Nobody has returned at Meier Hutt's house, the house next to our apartment (Meier Hutt was my childhood friend) — nobody of the Jewish inhabitants captured by the German-Ukrainian murderers during the "Aktion" on October 6, 1941, and deported to the Bukowinka. All of them, from this house, died on this Sukkoth-day, a black one for us Jews in Nadworna, and they filled the mass grave there in Bukowinka, together with the other martyrs.

Into this no-man's house Fingerer moved. If I am not mistaken his first name was said to be Schmiel. He moved there with his wife and their small children.

Fingerer was still a young man, shoemaker by profession. I especially mention his shoemaker's profession because he, Fingerer, was probably the only one of the few Jewish shoemakers in our town whom the German murderers had missed killing.

Naturally, the Ukrainian "Miestschany" took advantage of the helplessness of this poor shoemaker; they overburdened the young Jewish shoemaker, while he was still alive, with loads of repair work on boots and shoes for which the Ukrainian "benefactors" paid poor Fingerer a few potatoes; once in a while, to appear generous, they gave the hard working Jewish shoemaker a handful of grain in addition. This was hardly a fraction of what they would have had to pay a non-Jewish shoemaker for such work.

In any case, Fingerer was satisfied, despite the fact that he had to work day and night in order to earn enough to fill up the little swollen bellies of his undernourished children with more watery soups.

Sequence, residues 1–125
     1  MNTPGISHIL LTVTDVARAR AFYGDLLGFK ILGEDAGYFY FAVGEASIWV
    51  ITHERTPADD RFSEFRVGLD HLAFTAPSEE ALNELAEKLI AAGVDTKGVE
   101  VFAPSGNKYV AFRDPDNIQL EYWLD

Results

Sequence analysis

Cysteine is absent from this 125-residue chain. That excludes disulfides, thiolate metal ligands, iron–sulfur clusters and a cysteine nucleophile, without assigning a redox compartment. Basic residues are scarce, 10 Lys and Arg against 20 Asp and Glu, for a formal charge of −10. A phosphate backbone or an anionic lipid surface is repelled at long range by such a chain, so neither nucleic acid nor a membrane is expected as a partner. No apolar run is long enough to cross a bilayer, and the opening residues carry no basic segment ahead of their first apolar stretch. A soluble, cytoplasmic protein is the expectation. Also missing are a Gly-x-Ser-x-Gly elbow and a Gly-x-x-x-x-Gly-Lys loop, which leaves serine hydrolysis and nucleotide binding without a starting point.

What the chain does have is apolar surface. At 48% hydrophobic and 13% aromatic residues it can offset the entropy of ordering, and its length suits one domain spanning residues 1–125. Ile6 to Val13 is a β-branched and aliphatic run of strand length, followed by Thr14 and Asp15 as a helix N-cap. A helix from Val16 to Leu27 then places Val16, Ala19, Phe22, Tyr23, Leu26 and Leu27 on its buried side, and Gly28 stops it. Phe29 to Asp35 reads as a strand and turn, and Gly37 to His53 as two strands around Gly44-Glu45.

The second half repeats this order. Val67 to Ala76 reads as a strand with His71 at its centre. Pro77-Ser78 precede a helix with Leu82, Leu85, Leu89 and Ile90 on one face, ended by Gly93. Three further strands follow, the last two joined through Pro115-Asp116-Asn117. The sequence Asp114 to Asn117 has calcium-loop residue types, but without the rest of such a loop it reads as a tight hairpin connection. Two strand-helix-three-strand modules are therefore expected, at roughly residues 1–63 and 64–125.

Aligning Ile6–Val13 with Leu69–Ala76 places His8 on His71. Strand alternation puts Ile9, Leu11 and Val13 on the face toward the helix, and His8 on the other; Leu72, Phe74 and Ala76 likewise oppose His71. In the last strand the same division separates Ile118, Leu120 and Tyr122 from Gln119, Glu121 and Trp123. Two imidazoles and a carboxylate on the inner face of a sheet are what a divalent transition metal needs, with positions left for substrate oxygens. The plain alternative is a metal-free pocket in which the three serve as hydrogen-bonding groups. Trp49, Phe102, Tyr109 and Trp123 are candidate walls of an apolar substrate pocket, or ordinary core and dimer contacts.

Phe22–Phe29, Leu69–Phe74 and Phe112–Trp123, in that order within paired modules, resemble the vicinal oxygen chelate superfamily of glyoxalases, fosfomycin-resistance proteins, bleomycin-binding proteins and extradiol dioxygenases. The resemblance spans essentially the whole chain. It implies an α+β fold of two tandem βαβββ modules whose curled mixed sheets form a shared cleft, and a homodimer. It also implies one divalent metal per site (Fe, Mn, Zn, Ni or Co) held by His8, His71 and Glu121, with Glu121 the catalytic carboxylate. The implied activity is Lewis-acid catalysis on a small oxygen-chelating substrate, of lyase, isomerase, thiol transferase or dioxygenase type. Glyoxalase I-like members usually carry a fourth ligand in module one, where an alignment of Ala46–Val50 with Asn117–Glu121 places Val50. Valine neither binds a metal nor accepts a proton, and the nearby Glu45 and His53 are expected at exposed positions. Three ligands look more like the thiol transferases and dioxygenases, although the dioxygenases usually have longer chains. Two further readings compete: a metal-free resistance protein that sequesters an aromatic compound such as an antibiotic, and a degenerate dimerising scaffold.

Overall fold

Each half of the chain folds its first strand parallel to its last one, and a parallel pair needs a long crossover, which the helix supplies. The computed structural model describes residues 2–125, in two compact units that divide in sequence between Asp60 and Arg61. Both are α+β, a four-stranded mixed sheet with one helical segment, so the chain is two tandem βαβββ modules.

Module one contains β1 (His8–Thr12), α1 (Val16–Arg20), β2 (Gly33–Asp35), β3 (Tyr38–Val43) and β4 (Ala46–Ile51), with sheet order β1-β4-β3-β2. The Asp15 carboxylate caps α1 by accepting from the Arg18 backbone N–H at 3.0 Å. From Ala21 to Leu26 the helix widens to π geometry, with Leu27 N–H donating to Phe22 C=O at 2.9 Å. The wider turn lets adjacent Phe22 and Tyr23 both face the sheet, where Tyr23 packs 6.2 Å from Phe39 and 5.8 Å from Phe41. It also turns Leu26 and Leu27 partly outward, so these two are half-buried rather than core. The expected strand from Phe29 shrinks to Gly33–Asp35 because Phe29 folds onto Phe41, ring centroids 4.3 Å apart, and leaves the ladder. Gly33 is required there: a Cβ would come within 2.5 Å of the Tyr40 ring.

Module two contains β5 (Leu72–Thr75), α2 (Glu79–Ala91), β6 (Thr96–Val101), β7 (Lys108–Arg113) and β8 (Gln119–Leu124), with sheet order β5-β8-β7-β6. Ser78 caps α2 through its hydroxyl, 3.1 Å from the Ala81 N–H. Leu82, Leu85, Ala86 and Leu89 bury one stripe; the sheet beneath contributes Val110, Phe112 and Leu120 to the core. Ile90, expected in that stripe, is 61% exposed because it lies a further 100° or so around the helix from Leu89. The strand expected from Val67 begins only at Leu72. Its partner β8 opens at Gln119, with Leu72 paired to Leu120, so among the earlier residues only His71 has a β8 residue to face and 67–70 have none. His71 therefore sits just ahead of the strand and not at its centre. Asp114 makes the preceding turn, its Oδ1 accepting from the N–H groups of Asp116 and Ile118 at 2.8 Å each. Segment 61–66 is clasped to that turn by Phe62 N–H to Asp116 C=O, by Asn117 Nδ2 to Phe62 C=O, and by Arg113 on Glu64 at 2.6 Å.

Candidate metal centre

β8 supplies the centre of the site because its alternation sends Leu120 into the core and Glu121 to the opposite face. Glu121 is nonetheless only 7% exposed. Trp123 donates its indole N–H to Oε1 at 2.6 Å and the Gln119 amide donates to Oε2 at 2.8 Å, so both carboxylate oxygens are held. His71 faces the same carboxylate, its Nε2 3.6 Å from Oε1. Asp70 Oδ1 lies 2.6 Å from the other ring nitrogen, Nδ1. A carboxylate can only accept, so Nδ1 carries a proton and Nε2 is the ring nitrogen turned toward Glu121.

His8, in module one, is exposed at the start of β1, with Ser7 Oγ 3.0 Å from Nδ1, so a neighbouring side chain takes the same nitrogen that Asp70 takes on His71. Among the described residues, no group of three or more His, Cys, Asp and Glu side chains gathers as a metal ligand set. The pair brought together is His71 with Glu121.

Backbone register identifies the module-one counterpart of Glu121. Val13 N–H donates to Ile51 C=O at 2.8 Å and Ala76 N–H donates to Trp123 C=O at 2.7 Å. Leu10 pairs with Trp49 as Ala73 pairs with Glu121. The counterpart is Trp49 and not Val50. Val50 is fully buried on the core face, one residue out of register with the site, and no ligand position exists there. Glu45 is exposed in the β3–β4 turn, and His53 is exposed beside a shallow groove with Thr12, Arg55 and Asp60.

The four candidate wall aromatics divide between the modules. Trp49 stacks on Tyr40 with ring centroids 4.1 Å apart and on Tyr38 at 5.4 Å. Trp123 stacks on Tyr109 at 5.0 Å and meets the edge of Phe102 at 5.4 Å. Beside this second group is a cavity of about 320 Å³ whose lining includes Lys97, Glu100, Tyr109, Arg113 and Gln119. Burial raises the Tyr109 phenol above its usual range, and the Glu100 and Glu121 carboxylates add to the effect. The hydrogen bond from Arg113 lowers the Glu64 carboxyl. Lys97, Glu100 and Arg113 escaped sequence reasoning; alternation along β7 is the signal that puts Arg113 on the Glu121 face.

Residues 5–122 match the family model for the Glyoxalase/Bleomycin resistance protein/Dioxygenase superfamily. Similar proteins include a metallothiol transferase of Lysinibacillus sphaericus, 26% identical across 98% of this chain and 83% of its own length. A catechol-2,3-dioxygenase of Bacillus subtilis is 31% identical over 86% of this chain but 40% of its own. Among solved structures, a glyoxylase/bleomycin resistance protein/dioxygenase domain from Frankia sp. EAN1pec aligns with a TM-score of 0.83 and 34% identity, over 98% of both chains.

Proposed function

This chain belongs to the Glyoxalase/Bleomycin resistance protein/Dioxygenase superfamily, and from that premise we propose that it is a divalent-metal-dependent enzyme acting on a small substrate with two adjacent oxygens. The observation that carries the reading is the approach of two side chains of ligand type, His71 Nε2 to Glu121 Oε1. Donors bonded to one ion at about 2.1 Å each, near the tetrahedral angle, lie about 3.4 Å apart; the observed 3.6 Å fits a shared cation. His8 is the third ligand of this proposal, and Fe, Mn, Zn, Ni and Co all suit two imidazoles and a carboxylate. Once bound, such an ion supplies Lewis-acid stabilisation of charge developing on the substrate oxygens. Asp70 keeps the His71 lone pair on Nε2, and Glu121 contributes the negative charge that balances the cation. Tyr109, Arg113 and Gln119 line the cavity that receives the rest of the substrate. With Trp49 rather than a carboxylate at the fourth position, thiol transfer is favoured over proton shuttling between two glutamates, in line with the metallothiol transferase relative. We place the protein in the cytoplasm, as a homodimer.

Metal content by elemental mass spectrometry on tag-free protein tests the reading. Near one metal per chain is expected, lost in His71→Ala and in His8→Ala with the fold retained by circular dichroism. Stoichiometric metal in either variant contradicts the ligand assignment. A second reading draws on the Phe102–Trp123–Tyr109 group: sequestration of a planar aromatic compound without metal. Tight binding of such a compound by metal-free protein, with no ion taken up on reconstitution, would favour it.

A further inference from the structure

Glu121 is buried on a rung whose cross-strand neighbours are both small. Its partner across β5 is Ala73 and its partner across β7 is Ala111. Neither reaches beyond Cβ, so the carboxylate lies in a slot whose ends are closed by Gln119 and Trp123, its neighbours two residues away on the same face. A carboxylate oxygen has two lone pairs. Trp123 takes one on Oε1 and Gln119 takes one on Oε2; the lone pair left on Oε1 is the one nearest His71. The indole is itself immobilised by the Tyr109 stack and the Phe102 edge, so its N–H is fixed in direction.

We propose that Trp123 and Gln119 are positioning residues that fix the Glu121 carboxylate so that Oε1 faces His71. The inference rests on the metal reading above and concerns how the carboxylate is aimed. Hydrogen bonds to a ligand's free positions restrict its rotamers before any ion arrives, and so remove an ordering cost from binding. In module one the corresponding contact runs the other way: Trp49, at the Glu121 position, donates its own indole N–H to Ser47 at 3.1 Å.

To this Fingerer we used sneak — my son Dolphi and myself and a few neighbors, ten altogether — mornings and evenings, to say "Kadysch" together.

This "Minjan" consisted of the following ten "Kadysch-sayers":

1) Schmiel Fingerer,

2) Schlojmy Perl (it was only him alone, because his wife and children were not alive any more),

3) Schlomy Perl's older brother from Delatyn who had also lost all his family in Delatyn and came here to be with his brother,

4) A relative of the Perl's, also from Delatyn,

5) Schmiel Kressel,

6) Someone else from the Kressel family, I cannot remember his name any more,

7) Julek Brucker,

8) Mendaly Hübner. (This honest and pious Mendaly Hübner did not want to part with his beard which was still black at the time; so he hid it under a cloth in which he kept it wrapped in such a way as to make believe he had toothaches).

Hübner was one of the three Jews in our town who, after the "Aktion", when all the Jews were forced to cut their beards, did not want to surrender under any circumstances to the cruel occupants, the Germanic "Amuleik"; thus, these three brave and proud Jews met death without parting with their Jewish facial ornament.

The names of these three saints were:

1) Meier the Pasieczner-Ruw,

2) Ducie Rosenheck,

3) Mendaly Hübner.

My son Dolphi and myself completed the number of 10 persons. If I am not mistaken, Bumcle Diamand also belonged to our "Minjan".

Our "Baal-Tyfila", the man who led us in prayer, was Schlojmy Perl. He felt that it was his right and his duty to do that, since he was hardest hit by misfortune (he had lost his wife and all his children). Of course, none of us objected.

And when hard-hit Schlojmy Perl, during the "Schymona-Esra-prayer", came to the part that goes: (meaning: All the enemies of your people, oh God, you shall annihilate, break, and destroy, soon in our days) — then poor Schlojmy Perl called out that sentence crying so pathetically that it made one shiver.

This prayer was the only weapon the unfortunate man was able to use against his arch-enemy who had killed of his whole family so cruelly.

It was no less frightful and oppressing, especially the first days, right after the terrible tragedy of the 6th of October, when all of us ten people gathered in Fingerer's small apartment; there we lit the candles feeling in their glow the souls of our cruelly murdered dearest and most beloved ones, and together, crying, we wrung the "Kadysch" from our bleeding hearts.

[Page 18]


Told by Schaje Schmerler